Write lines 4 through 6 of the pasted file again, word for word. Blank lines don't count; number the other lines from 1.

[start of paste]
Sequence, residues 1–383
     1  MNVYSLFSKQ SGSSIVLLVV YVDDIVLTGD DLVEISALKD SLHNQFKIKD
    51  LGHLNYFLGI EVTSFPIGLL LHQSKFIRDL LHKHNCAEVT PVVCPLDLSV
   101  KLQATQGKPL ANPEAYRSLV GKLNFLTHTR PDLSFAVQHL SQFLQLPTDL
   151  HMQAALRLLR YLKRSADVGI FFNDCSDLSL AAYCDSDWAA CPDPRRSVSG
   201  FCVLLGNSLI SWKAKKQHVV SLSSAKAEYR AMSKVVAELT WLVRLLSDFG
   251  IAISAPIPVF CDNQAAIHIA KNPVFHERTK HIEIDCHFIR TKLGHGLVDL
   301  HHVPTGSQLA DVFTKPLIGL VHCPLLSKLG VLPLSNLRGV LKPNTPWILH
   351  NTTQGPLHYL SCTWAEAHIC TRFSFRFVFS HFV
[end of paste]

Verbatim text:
   101  KLQATQGKPL ANPEAYRSLV GKLNFLTHTR PDLSFAVQHL SQFLQLPTDL
   151  HMQAALRLLR YLKRSADVGI FFNDCSDLSL AAYCDSDWAA CPDPRRSVSG
   201  FCVLLGNSLI SWKAKKQHVV SLSSAKAEYR AMSKVVAELT WLVRLLSDFG